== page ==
Regardless of which theory is correct, there are some steps you take to avoid overdoing it with edibles. Try starting with no more than 2 mg of THC, which is going to be much lower than the dose in most single-dose edibles. The idea is to work up slowly by taking a small about and not consuming more until the effects are fully felt. This takes a little bit of self-control, but the effort is worth it to ensure a positive cannabis experience.

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Are you interested in finding out more about cannabis edibles and how to use them? Come check out our wide selection and let our knowledgeable staff help you find edibles that will work perfectly for you!

How Does CBD Make you Feel?

How Does CBD Make You Feel

You’ve probably heard about Charlotte. She’s the little girl from Colorado who has Dravet’s Syndrome and went from suffering hundreds of seizures per week to just one when her parents tried treating her with cannabidiol (CBD). Since her success, the popularity of this cannabinoid has skyrocketed. But how does CBD make you feel? 

Perhaps you tried cannabis once upon a time and had a miserable and paranoid experience, and though you could use some relief…it just doesn’t feel worth it to try it again. Well, I’ve got good news. Even though it still comes from cannabis, CBD will not get you high. 

Cannabinoids: The Key to Canna-healing

The endocannabinoid system (ECS) is located throughout our bodies, and its job is to create homeostasis between all the other systems. Our bodies make endocannabinoids, which fit right into the ECS like a lock and key. However, cannabinoids from the cannabis plant also fit into these receptors – and sometimes they can be an even better fit. 

How Does CBD Make You Feel 1

CBD May Be a Powerful Healer

CBD, like other cannabinoids, works with various parts of the ECS, so it is reputed to have a wide variety of medicinal effects. It’s important to understand that CBD’s effects are not some kind of “miracle cure,” they’re simply the body engaging the ECS to create balance within its various systems. 

How Does CBD Make you Feel?

If you’re taking pure CBD, it will not get you high. Its effects are different for different people, but they are often described with words and phrases like: calming, clear-headed, and improved mood. Though some users and patients do say that it makes them sleepy, many others say it helps them sleep when they lie down, but that they don’t notice a sleepy feeling beforehand.

How Does CBD Make You Feel 2

Like other non-psychoactive cannabinoids, CBD is more something that you notice when you don’t take it. Since it can treat symptoms without having many side effects, the return of symptoms is more noticeable than how the CBD makes you feel in the minutes and hours after taking it. In addition to possible drowsiness, other potential side effects are dry mouth, low blood pressure, and lightheadedness.

How to Get Started

It seems like you can find CBD products just about everywhere now. But not all CBD products are of the same caliber. While hemp-derived CBD products can be sold legally across the U.S., cannabis-derived CBD products cannot. This means that many people don’t have the benefit of purchasing safe, lab-tested CBD products from a reputable dispensary.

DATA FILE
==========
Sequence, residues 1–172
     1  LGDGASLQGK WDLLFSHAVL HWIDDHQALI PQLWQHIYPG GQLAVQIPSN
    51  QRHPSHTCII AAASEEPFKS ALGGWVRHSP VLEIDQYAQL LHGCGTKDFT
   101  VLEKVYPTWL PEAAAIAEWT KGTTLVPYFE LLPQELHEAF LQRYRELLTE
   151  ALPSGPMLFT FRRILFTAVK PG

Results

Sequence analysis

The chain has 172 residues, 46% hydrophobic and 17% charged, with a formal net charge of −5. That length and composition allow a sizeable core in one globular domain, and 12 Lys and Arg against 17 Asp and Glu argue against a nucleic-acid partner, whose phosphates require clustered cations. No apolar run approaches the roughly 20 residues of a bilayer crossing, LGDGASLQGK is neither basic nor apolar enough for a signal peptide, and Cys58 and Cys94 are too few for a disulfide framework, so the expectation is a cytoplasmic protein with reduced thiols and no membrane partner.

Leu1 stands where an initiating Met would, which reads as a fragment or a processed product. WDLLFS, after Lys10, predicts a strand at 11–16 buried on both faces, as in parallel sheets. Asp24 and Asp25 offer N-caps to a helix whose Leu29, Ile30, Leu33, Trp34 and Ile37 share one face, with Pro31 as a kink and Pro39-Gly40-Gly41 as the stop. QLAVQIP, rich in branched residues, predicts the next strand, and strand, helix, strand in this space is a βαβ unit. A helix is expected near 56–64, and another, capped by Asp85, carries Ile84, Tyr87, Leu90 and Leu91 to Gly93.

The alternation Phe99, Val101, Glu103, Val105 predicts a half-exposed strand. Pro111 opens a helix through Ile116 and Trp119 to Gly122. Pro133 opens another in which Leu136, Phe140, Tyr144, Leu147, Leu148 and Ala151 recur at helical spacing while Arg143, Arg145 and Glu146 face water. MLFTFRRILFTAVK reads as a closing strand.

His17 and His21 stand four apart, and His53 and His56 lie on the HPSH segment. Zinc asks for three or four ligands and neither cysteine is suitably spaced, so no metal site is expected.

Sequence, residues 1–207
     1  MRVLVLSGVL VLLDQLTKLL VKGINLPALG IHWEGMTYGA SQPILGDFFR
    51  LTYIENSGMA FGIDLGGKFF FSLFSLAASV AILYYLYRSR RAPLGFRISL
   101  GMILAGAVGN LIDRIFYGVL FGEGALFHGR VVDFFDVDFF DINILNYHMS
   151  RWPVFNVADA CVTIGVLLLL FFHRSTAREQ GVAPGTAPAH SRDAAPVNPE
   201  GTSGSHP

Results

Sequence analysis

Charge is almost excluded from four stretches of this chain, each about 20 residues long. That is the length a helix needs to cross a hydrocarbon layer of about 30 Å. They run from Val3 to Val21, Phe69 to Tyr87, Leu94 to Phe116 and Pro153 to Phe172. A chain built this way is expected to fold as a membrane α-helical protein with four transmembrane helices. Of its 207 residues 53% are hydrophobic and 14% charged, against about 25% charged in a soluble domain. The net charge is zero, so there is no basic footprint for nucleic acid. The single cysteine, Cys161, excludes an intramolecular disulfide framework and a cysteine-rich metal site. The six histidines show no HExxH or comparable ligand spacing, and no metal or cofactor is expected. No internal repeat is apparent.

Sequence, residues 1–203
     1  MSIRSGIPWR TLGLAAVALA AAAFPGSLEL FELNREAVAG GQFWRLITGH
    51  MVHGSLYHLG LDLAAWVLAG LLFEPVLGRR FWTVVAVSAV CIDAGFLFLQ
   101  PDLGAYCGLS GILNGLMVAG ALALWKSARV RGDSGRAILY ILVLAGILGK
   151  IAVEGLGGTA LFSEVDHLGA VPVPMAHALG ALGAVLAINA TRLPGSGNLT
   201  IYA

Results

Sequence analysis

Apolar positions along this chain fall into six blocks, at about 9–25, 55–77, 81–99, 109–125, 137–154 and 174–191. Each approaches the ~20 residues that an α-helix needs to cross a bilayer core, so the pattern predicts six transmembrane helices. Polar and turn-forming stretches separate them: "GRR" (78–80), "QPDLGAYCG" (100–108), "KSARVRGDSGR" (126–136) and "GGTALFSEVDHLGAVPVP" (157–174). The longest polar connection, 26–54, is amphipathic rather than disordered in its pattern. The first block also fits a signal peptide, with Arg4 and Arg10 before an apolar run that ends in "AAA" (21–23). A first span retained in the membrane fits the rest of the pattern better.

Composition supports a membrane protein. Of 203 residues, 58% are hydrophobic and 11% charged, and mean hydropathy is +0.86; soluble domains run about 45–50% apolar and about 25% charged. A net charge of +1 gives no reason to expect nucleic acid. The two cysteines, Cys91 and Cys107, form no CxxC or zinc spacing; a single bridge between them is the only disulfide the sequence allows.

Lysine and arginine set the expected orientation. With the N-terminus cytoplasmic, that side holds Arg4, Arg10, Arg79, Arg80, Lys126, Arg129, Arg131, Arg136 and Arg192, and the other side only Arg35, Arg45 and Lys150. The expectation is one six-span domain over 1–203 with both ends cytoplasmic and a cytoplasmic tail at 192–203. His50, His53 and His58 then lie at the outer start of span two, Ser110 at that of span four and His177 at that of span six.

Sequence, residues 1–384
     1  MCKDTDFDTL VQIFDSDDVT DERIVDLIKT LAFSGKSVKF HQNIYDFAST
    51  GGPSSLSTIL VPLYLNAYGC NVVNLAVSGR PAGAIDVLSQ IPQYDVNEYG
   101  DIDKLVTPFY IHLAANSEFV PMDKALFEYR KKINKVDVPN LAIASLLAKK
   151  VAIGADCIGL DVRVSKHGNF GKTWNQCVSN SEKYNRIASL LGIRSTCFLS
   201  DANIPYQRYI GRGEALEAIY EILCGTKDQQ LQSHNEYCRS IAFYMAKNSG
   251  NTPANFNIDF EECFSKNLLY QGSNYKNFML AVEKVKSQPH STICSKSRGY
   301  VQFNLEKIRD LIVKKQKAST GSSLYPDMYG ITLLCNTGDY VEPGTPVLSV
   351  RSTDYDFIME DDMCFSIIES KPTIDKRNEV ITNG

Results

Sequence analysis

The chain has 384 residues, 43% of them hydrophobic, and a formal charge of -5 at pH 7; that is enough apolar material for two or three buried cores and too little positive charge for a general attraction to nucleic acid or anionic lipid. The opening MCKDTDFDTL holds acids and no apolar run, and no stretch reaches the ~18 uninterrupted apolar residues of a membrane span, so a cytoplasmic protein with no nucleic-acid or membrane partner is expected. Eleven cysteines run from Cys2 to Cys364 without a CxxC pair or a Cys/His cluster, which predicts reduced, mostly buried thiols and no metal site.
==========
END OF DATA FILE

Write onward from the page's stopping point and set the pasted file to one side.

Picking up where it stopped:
How Does CBD Make You Feel 3

If you’re interested in trying CBD for yourself, keep in mind that hemp-derived CBD is not currently held to any standard by any governing agency, from the FDA on down. On the other hand, cannabis-derived CBD, whether in edibles, oils, or vape cartridges, are held to the same standard as other cannabis products.

You can find lab-tested, high-CBD products at your favorite Columbia dispensary. Stop by or order online now.

The Latest News on Cannabis and Fibromyalgia

Fibromyalgia treatment

Over 10 million Americans suffer from fibromyalgia and know too well how real the pain of their condition can be. There is no known cure for this long-term chronic disorder, and due to the lack of objective tests, some doctors question whether it even exists. Although it’s now more widely accepted in the medical community, symptoms like general fatigue and tiredness can’t be measured with tests, making fibromyalgia treatment hard to come by. But a new Israeli study says cannabis could offer the hope that patients need.

New Study on Cannabis as a Fibromyalgia Treatment

Fibromyalgia is a chronic medical disorder that is characterized by widespread musculoskeletal pain. It affects 3% to 6% of the world population, with around 80% of patients being female. While the study didn’t conclude that cannabis can cure the condition, it did find that it’s a good option for treating severe symptoms like pain. Cannabis can also help with many other fibromyalgia symptoms, including problems with sleep, fatigue, depression, and changes in mood.

Fibromyalgia treatment 1

While it’s widely accepted that cannabis can treat many forms of chronic pain, there haven’t been many studies that specifically look at the role it can play in treating fibromyalgia. Most patients are limited to a pharmaceutical cocktail of opiates, sleep aids, and antidepressants to find relief, but these treatments tend to be insufficient. This study sheds light on an exciting new option for a condition that is notorious for being difficult to treat.